Deluxe Edition, 20th Anniversary Deluxe Edition
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Beetlejuice: Deluxe Edition (DVD)
What's a couple of stay-at-home ghosts to do when their beloved home is taken over by trendy yuppies? They call on Beetlejuice, the afterlife's freelance bio-exorcist to scare off the family – and everyone gets more than she, he or it bargains for! Tim Burton guides this PG-rated comedy monsterpiece whose stars include Alec Baldwin, Geena Davis, and Winona Ryder. And Michael Keaton is Beetlejuice, the ghost with the most who flings one-liners, spins into grotesque forms, gobbles insects, and who just can't leave the ladies (living or dead) alone. Ghoul love it!]]>
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Since the inception of the DVD format, I have been waiting for a proper DVD of Beetlejuice with commentary and special features.
I am sorry to say that this pathetic disc is NOT what I have been waiting for.
Though they supposedly have spruced up the picture, the ONLY special features are three Beetlejuice cartoons and I think some music track or something.
NO commentary, NO behind-the-scenes, NO nothing.
So -- NO sale.
I'm still waiting...
The cast, for the most part, is perfectly suited to the wacky material, the sets and make-up and other effects very imaginative, the story engaging. Great fun.
This new release is being marketed as the 20th Anniversary Deluxe Edition. It will be newly remastered, but the extras announced so far are very limited: three episodes of the Saturday morning Beetlejuice cartoon series ("Skeletons in the Closet," "Spooky Boo-tique," "A-Ha!"), a music-only track, and the trailer. The cartoons are about 11 minutes each. Possibly more features will be announced later, but usually that doesn't happen. I've subtracted one star for the poor features in a "deluxe" anniversary edition; if they announce more features I may up my rating. The best thing is likely to be the remastering, which is needed, since the older DVD wasn't all the great. Looking forward to that.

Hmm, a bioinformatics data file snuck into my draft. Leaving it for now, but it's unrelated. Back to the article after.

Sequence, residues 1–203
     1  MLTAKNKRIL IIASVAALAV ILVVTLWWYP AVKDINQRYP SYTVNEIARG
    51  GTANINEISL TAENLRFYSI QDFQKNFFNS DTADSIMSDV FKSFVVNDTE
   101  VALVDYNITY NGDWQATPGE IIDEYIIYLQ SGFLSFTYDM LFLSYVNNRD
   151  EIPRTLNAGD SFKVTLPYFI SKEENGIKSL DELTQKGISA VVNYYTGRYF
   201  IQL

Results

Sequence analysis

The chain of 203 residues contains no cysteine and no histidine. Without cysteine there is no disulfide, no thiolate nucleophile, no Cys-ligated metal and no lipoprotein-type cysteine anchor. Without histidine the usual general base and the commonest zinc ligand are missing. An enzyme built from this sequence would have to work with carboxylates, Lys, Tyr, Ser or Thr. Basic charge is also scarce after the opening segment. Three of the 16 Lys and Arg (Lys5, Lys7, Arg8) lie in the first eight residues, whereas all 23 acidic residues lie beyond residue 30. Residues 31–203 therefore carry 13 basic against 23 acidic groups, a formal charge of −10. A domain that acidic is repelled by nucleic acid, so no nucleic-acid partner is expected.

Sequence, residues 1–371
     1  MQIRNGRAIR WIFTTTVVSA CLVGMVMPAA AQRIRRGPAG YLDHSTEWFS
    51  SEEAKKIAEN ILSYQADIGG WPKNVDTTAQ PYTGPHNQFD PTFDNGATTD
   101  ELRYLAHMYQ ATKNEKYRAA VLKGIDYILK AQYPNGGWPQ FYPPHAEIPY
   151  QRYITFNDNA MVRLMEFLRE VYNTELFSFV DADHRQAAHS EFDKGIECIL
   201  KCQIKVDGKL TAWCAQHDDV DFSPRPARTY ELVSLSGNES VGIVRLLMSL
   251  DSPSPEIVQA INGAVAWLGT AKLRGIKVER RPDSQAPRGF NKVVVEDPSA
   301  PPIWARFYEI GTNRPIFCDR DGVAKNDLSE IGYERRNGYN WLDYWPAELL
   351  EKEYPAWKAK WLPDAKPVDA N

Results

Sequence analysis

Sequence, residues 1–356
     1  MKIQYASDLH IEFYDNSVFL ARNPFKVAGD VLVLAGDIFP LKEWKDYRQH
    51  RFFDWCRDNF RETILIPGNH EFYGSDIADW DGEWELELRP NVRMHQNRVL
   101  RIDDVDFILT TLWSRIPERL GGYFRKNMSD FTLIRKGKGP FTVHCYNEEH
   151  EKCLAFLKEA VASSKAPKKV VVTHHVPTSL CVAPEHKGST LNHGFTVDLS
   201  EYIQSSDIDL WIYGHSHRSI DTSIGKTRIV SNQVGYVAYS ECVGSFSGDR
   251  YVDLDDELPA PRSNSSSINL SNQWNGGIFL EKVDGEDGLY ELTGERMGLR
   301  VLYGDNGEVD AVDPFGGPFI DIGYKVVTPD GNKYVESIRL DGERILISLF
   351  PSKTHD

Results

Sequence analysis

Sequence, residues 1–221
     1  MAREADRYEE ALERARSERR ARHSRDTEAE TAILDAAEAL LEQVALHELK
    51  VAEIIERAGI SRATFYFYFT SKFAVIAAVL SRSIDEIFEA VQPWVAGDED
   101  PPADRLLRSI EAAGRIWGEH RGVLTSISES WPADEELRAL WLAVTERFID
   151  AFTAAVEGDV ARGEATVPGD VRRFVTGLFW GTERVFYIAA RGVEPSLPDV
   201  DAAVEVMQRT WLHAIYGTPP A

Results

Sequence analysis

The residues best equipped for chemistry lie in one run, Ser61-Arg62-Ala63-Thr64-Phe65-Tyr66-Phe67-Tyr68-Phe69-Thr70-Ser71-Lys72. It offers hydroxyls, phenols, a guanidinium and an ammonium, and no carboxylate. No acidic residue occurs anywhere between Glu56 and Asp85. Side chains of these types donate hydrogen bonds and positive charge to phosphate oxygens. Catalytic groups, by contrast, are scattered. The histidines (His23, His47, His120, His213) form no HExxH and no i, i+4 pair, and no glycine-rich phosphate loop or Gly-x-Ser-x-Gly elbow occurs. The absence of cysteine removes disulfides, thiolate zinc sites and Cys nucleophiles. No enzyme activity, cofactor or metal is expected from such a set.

Then again, maybe it is the mere fact that Michael Keaton gives the best performance in any Burton film; ever.
The film follows Adam and Barbara as they learn to cope with life after death. Yes, a horrific car accident leaves Adam and Barbara dead yet confined to their home. The problem is that their impatient neighbor takes no time in selling their home to an eccentric family that does not meet with their approval. Determined to remove these people from their home they enlist the help of a `bio-exorcist' to do the trick, but they get far more than they bargained for when Beetlejuice comes on the scene.
The film has been labeled as `pointless fun' by most of my friends, and to an extent I have to agree. Many would claim the film is not pointless, for it teaches lessons of acceptance and friendship, and I guess loyalty and respect, but really, are we concerned with any of that?
The acting is really good here, and it elevates the film from `pointless' to `pointless fun'. Alec Baldwin and Geena Davis (complete with those alien eyes she had popping in `The Fly') are absolutely amazing as the dead couple, Adam and Barbara. Catherine O'Hara is marvelous, award worthy even, as the insanely annoying Delia, and Jeffery Jones knows just how to compliment her as Charles. Winona Ryder is effectively weird as their daughter Lydia.
This film belongs to Keaton though, in what may very well be his finest performance, ever. There is a fine line to be ridden between hilariously on-point and drastically over-the-top; especially when you are dealing with a typically campy performance. As Beetlejuice, Keaton finds that line and rides it well, delivering an all over the place comedic performance that never feels `too much', even though it probably is. He understands how to make his characters insanity justifiably funny and makes him an iconic character. Everyone knows who Beetlejuice is, even if you haven't seen the movie.
In the end I can recommend this movie because it does the trick. It's sweet and charming in that Tim Burton style, complete with edge and creeps and hilarious thrills. It looks better than his new stuff because it still has a level of grit, and while it is not as good as `Edward Scissorhands' (his best movie, ever) it is definitely a film that every fan needs to see.